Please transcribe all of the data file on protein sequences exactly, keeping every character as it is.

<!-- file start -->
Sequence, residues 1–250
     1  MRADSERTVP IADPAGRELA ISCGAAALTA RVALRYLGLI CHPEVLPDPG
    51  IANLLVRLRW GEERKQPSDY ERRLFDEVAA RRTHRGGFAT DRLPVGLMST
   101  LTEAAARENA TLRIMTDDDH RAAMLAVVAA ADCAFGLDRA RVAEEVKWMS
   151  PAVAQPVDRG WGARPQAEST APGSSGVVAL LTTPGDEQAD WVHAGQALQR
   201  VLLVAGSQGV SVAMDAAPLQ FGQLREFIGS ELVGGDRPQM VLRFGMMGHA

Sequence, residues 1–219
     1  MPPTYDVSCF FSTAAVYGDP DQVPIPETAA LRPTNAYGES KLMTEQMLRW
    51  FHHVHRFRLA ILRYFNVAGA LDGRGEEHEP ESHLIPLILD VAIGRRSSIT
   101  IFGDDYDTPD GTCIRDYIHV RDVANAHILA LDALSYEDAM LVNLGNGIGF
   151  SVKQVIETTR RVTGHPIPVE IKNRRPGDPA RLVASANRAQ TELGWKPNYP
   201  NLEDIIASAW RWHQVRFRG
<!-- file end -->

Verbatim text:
Sequence, residues 1–250
     1  MRADSERTVP IADPAGRELA ISCGAAALTA RVALRYLGLI CHPEVLPDPG
    51  IANLLVRLRW GEERKQPSDY ERRLFDEVAA RRTHRGGFAT DRLPVGLMST
   101  LTEAAARENA TLRIMTDDDH RAAMLAVVAA ADCAFGLDRA RVAEEVKWMS
   151  PAVAQPVDRG WGARPQAEST APGSSGVVAL LTTPGDEQAD WVHAGQALQR
   201  VLLVAGSQGV SVAMDAAPLQ FGQLREFIGS ELVGGDRPQM VLRFGMMGHA

Sequence, residues 1–219
     1  MPPTYDVSCF FSTAAVYGDP DQVPIPETAA LRPTNAYGES KLMTEQMLRW
    51  FHHVHRFRLA ILRYFNVAGA LDGRGEEHEP ESHLIPLILD VAIGRRSSIT
   101  IFGDDYDTPD GTCIRDYIHV RDVANAHILA LDALSYEDAM LVNLGNGIGF
   151  SVKQVIETTR RVTGHPIPVE IKNRRPGDPA RLVASANRAQ TELGWKPNYP
   201  NLEDIIASAW RWHQVRFRG